I am listing a few that I encountered in my experimental studies, hoping that others may want to take the idea further. Out of curiosity, we were simultaneously interviewing eminent film set designers and even eminent filmmakers. (We could not have expected them to sit through the elaborate experimental setup) These interviews contain interesting anecdotal information. Indeed, anecdotes do not make good science, but they do give push to newer experiments and ideas.

Most eminent artists seem to depend on mental imagery during creative phase. Not so surprisingly, filmmakers are only conscious of what the viewing frames will contain when the camera moves. They visualize details within a frame and had no idea of what was outside the frame of the camera, nor were they bothered about it. They use lot more precedents from their life in the film ideas that they develop, than what architects do. All of them seem to have library of images that they tend to fallback on for ideas. Interestingly, they do ‘see’ movements in the mind’s eye (shaped as a screen), visualize and hear background music scores and had hunches on who the music director could possibly be!

Another, eminent Indian classical dancer mentioned how, when she is visualizing a new steps for her own performance, she uses a mirror and her bodily actions to test her visualization. This is common. What turned out to be a surprise was when she choreographs for a group dance. She would then imagine a transparent box (roughly proportioned like a stage) in which she visualized her group movements. Surprisingly, she would view this box from a higher line of sight and not from the usual audience angle.

Similarly when asked, an accomplished Jazz musician could hear eminent musician playing a tune in her mind’s ears. Interestingly, when asked to imagine her playing piano while mentally hearing the sound, she said the tune was smoother when mentally playing it. She also felt frustrated that she is not able to reproduce this smoothness, when playing it physically. Interestingly, with no prompt, she imagined the keys of her piano moving up and down on to her tune! This does indicate somewhat autonomous nature of events in the mind’s eye.
Sum up

 In the last post, we reported experiment where a midcareer industrial designer was asked to develop his product idea, when he was blindfolded. We saw how he successfully solved the design problem and that too with amazing dexterity. The experiment objectively proved that he completely conceived the idea in his mind’s eye. It revealed the possibilities of learning to handle mental imagery in design problem solving.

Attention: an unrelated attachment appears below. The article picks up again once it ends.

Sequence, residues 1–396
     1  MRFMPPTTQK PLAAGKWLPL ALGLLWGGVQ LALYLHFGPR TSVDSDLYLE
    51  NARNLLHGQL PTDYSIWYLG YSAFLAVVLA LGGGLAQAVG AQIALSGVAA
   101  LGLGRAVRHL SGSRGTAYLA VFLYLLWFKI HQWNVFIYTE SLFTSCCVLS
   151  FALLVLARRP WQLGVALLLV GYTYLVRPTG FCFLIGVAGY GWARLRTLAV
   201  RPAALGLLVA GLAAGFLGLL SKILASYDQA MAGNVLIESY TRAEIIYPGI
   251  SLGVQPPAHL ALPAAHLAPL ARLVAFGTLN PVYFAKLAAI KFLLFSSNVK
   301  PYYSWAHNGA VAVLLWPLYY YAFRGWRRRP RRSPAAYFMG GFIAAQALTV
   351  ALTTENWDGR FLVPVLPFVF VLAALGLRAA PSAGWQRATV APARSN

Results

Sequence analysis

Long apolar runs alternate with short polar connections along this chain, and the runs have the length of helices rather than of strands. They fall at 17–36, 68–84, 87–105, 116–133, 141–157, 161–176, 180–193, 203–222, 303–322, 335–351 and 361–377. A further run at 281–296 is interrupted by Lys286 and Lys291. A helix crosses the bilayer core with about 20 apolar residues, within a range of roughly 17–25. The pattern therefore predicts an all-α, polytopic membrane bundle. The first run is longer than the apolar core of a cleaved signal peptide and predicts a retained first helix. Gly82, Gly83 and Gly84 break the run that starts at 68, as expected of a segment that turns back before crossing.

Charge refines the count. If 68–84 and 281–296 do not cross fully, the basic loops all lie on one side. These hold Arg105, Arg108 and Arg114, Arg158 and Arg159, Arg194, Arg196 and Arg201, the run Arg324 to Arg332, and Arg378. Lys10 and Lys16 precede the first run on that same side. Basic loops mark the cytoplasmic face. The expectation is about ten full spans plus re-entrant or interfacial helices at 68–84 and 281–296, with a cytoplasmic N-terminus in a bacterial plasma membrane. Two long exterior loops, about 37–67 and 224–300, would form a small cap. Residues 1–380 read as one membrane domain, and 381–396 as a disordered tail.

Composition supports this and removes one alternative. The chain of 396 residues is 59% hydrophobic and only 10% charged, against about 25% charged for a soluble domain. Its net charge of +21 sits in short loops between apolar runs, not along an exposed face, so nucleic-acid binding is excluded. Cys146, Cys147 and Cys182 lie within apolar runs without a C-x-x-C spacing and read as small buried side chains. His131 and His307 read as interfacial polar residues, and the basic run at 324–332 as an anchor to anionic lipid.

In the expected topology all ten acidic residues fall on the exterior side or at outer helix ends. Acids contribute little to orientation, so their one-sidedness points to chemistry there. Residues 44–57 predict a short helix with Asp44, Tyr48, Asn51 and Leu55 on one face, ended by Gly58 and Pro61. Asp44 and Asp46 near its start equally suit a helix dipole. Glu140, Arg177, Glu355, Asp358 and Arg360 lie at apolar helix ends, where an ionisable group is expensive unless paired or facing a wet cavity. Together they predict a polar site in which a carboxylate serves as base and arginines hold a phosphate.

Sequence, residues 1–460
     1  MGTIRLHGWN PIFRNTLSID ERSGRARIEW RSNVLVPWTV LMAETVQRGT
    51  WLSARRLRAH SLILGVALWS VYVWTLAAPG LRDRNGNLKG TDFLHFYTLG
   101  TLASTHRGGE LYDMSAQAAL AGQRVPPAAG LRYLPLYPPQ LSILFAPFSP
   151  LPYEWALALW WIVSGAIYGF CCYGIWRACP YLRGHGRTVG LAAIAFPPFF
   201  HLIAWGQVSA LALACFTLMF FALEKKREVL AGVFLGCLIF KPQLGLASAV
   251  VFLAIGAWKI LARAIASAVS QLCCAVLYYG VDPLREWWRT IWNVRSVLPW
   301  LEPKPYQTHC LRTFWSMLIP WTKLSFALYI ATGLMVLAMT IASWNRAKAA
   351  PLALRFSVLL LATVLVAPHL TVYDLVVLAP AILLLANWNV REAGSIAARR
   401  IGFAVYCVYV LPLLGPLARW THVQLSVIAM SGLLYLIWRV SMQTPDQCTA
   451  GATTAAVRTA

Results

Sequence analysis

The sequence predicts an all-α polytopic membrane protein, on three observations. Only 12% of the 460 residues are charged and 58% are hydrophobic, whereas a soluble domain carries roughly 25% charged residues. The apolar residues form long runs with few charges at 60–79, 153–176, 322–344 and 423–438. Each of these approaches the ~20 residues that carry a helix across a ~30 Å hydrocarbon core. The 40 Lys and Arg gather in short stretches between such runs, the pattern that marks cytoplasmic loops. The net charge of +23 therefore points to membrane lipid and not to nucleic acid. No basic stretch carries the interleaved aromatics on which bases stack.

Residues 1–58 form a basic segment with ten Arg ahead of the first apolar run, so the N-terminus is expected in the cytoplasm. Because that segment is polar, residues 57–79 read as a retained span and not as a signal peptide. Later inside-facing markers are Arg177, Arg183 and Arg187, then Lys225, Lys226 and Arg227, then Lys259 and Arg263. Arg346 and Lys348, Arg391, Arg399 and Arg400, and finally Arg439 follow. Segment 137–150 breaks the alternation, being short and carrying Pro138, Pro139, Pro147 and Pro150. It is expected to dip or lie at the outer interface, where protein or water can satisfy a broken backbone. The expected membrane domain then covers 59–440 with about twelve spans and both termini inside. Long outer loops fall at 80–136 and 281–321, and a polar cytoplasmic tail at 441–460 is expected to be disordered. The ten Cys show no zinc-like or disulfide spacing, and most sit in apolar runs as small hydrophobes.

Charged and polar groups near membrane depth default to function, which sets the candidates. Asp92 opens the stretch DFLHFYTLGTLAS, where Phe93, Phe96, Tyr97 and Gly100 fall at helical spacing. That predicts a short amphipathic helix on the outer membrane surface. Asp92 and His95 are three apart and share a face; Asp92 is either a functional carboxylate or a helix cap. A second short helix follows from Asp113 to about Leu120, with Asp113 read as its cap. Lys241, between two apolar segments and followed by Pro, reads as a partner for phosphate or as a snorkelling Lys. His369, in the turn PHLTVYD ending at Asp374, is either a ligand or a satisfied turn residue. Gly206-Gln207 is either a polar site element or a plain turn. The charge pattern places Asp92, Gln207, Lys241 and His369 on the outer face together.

Mental imagery can potentially offer an effective alternative to sketching. However, these conclusions could be termed a bit hasty considering that they would be based on a single case, particularly because the results did look unbelievable. This post reports efforts to dispel this doubt through a series of follow-up experiments with same or similar objectives.

First, to eliminate the possibility of the first results being criticized as freak, we invited the same designer (SP) to work with identical experimental procedures and protocols, but with a different design problem. SP was asked to design salt and pepper dispensers and common dinning table crockery; all stacked in a compact stand on the dinning table. Like in the first experiment, the sketched results were validated through several independent routes. Besides evolving an effective solution, SP concentrated on complex production problems, where he used injection molding in plastic while avoiding undercuts. All this when he was blindfolded! The results unambiguously confirmed the earlier findings of the first experiment.

The post then goes on to explore the next step with newer and more challenging objectives. This was achieved through series of new experiments with allied design professionals, like architects, filmmakers and so on. To begin with, we offered similar experimental conditions to architects tackling an architectural design problem. These problems are qualitatively different from what SP handled. First, the built forms tend to be very large. Second, they have an outside and an inside that is explored through mental walks. Third, architects face two kinds of design problems; creating a new built form and developing interiors in already built spaces. In this series, we tried both types. Lastly, built forms are not always sculptural (except in parts) and could not be shaped by gestures the way SP handled products. At best, only some elements of the building could be sculpted.

In spite of these differences, the architects conceived their built forms and interior spaces effortlessly. However, there were some striking differences. Besides solving spatial layout problems, they spent a lot of time visualizing and controlling lighting conditions and ambiance. Appropriately dressed stereotypical people populated most of the spaces they created, but they were always faceless. They often used precedents and some used metaphors as a design strategy.